Omission – some “guidelines” (aerospace) for “architecture.” You give some discussion on the “design V” early on. All good. Look at the ARP4754a – this is a set of requirements being laid on the aerospace area. This is a bit more than the NASA “design V.”
For example there are “best practices” to use one set of models early on and another as the design is detailed – practically some would advocate SysML (used a lot in the book by Crawley that you seem to like…) and then something like Modelica/Simulink later on. This also gets to requirements and V&V – things that a “good architecture” should also enable.
Some elaboration – layering. I like the layering (a lot J). See the writeup in the attached Landing Systems notes. Karl (and Johan Andreasson) had a lot of paternity here - as did Rich Poisson. This gets to a process (how do you find a good architecture?) and also gets to a natural layering based on physics (where do layers come from and how many do you need?). This also gets to the merging of supervisory and regulatory controls and also, finally, starts to organize information flow (so in this sense layering is the control architecture equivalent of the (in)famous paper by D. Knuth “go to loops considered harmful”).
Think about additional people at JPL to ask for feedback.
Feedback from Manuel Berenguel, 5 Oct 2016
Taking into account the focus of the book, I think it is convenient to
include a section like this, because potential readers will find control
very useful and will realize that this “hidden technology” is elsewhere.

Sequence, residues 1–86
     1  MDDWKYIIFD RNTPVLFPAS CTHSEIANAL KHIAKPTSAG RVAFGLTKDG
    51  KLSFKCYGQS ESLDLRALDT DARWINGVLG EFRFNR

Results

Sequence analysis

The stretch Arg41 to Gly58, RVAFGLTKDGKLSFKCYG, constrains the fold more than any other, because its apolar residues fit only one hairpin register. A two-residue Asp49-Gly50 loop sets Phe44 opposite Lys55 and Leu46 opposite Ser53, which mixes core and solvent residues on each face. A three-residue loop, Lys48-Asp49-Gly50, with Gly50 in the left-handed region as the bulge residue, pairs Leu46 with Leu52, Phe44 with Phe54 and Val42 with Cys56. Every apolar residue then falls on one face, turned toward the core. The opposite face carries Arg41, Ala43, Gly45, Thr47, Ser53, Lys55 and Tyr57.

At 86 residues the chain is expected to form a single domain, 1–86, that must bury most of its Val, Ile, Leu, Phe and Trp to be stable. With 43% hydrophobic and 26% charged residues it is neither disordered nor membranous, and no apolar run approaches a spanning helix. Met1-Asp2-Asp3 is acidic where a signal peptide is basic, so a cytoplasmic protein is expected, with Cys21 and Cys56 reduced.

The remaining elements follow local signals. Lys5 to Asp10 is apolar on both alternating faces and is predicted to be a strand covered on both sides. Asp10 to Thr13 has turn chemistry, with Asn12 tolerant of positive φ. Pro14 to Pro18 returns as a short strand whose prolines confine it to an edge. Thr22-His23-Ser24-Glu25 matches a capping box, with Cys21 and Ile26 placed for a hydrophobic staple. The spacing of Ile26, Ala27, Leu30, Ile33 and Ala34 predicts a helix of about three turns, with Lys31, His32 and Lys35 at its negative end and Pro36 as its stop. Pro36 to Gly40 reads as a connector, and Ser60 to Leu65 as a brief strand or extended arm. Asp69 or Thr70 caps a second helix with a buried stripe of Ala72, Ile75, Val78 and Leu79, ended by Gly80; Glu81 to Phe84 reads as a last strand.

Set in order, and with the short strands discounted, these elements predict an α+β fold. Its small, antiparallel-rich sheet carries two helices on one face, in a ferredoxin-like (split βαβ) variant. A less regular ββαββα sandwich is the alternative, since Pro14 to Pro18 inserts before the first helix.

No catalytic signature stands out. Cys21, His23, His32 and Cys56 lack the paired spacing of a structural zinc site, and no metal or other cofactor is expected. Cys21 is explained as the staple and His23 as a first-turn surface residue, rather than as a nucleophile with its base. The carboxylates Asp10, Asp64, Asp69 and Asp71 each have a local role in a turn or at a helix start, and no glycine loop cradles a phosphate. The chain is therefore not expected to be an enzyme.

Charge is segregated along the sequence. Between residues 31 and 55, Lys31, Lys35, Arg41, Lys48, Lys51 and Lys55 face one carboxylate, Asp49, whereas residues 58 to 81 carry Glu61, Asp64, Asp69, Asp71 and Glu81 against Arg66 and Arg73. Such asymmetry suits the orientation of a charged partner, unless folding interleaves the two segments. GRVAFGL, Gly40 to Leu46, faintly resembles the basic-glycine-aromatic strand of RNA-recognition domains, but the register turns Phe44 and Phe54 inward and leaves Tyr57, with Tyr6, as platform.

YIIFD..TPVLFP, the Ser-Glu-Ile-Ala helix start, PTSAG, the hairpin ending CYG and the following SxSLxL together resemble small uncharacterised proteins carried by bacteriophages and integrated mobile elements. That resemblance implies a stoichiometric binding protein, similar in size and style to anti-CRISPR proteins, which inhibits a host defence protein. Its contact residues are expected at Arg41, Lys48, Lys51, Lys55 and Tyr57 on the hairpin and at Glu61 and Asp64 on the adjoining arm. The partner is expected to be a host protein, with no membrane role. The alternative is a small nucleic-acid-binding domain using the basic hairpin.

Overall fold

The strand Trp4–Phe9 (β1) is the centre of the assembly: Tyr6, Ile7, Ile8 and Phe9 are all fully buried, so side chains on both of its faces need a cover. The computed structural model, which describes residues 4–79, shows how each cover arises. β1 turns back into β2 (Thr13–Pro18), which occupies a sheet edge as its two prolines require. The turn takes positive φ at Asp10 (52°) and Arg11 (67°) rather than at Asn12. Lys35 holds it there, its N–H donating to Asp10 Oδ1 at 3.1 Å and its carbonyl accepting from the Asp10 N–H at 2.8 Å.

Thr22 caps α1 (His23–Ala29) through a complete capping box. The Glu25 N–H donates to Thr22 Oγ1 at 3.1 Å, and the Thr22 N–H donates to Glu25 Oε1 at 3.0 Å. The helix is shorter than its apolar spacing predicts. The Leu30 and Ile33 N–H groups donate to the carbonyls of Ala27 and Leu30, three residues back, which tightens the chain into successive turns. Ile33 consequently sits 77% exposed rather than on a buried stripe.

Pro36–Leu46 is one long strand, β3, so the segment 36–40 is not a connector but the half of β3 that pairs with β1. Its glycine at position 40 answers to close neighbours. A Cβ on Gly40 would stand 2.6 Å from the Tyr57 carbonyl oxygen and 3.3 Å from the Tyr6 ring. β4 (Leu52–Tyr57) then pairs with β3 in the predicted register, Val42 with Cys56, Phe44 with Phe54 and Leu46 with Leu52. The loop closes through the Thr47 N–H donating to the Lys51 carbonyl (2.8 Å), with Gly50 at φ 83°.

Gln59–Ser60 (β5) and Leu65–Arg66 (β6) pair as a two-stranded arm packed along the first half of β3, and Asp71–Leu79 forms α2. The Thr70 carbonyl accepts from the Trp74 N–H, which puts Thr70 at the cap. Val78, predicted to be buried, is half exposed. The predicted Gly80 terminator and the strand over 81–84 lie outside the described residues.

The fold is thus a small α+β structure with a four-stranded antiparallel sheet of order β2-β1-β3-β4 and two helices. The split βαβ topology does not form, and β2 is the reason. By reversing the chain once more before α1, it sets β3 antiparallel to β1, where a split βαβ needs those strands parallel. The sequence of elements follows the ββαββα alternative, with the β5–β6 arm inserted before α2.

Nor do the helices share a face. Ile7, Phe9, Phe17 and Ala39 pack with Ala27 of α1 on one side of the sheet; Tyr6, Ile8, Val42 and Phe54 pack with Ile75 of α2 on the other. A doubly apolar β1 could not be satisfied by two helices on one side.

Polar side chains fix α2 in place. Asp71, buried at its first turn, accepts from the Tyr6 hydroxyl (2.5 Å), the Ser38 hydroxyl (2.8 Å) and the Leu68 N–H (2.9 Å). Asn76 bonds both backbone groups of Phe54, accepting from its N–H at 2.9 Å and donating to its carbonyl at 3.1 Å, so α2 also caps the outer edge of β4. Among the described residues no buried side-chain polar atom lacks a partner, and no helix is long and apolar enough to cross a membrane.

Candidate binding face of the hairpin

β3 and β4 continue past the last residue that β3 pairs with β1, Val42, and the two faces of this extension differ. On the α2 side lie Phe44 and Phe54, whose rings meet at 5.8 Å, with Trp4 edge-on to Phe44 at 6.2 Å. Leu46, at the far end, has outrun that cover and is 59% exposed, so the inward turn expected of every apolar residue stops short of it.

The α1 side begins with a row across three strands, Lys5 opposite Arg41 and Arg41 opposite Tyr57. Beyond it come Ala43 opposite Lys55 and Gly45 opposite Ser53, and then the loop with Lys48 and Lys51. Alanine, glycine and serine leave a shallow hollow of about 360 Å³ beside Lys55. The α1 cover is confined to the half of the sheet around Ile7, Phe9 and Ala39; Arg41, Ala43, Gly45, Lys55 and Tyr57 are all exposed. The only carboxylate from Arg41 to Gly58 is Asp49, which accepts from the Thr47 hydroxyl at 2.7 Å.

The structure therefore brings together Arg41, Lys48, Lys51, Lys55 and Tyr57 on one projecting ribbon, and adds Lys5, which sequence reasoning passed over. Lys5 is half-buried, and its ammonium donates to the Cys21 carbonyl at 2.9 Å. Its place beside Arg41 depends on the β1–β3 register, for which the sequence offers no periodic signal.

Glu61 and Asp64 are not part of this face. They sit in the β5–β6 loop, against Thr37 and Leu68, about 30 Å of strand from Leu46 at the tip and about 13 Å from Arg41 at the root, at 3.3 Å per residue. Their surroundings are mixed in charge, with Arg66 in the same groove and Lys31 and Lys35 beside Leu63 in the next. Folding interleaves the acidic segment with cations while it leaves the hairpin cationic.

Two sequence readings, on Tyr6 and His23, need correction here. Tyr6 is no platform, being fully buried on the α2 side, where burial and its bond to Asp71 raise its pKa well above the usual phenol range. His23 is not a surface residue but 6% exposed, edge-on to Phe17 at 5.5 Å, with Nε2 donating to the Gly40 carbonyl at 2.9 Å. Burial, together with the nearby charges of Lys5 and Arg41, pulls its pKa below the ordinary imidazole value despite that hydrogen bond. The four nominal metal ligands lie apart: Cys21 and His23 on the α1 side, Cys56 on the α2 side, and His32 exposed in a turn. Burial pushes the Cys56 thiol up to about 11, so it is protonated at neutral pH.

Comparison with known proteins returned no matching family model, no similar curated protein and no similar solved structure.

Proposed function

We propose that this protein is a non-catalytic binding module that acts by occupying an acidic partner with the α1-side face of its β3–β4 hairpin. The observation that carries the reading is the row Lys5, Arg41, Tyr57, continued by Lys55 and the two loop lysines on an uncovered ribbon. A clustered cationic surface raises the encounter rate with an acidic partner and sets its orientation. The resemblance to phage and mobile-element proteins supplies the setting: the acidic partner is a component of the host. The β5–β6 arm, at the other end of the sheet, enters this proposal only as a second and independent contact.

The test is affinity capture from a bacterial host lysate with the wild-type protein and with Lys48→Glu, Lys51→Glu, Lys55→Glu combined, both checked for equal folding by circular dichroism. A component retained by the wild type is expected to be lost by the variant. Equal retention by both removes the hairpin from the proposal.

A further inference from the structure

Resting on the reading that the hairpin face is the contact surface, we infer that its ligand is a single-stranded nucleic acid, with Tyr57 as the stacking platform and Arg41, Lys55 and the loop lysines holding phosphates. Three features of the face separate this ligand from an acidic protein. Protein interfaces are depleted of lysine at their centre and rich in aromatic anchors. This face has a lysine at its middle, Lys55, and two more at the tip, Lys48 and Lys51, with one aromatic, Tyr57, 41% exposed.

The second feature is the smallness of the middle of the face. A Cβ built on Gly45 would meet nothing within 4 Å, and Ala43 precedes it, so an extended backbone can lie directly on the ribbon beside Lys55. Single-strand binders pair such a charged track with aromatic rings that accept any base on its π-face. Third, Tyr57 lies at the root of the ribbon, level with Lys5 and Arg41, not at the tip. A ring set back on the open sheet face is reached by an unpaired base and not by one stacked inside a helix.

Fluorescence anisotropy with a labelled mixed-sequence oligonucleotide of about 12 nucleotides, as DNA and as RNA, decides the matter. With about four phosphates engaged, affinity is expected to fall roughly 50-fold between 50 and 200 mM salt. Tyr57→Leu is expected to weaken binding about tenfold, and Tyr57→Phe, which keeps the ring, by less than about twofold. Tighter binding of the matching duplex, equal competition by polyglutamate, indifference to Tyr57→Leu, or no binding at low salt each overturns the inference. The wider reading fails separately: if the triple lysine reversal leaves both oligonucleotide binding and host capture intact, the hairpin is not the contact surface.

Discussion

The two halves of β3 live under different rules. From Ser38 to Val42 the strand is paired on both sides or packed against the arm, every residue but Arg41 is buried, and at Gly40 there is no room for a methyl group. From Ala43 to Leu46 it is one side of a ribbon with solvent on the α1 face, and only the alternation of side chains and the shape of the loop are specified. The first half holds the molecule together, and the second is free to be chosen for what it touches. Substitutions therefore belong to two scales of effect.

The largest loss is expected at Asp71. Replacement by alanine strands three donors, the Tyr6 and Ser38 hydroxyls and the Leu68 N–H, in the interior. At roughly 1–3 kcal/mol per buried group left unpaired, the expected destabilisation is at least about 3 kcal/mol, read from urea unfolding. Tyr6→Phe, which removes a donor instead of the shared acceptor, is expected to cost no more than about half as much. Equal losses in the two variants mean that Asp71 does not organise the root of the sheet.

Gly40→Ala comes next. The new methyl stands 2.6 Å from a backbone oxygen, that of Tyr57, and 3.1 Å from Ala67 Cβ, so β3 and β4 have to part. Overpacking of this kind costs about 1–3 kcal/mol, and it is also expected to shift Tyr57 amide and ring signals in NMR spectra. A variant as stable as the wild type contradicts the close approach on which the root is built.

By saying this, I also recognize it is quite difficult to summarize and
I suppose you have concentrated in five different applications fields to
avoid the section taking too much pages (even though, I think it is
quite summarized in the present form). I also think it should be
interesting (in fact it is mentioned in the text) to give the readers a
list of main associations related to control (IFAC, IEEE, ISA, …) At
least from my experience, when I started to learn control fundamentals,
I didn’t realize of how control fitted in the “classical”
classifications of engineers (Electrical, Mechanical, Chemical and
Management ones in our country).
Minor comments in the text (from the beginning of the section 14.7)
Line 2:  (remember to add the reference)
Line 3: five different applications(at present there are only four)
Section 14.7a, line 8: billon-> billion
This section ends as if unfinished. Perhaps you could write a few words
on future trends of control systems in aerospace.
Section 14.7b. Perhaps, the title could be “Automotive – Complex Systems
used by ordinary people/unskilled people/common human (to avoid the use
of “Man” that is sometimes criticized by women…) This section could also
include future trends at the end.
Lines 2, add a comma between pharmaceuticals and power plants. Line 25:
generatrion-> generation. In line 30, after IEC 61784, perhaps you could
say something about OPC. At the end of the section, you could again
include future trends and perhaps a small discussion on actual
“fashions” like ciberphysical systems/industry 4.0/IoT (for me, these
are the evolution of control of complex systems through the network, but
it seems that those short names have more acceptance).
Section 14.7d. The last paragraph should explain where PID control is
used in this framework and include future trends.
In section 14.8, perhaps you could say something on Smart… (smartgrids,
smart buildings, smart automation…) and systems of systems approaches.
Perhaps, the techniques treated in this section should be included in a
list and developed in more detail. The problem is that it can become
large... this will require referencing the "inventors" of each technique
(too much work...)
You can also say that there are many emerging fields recommending the
reader to take a look at IFAC TCs.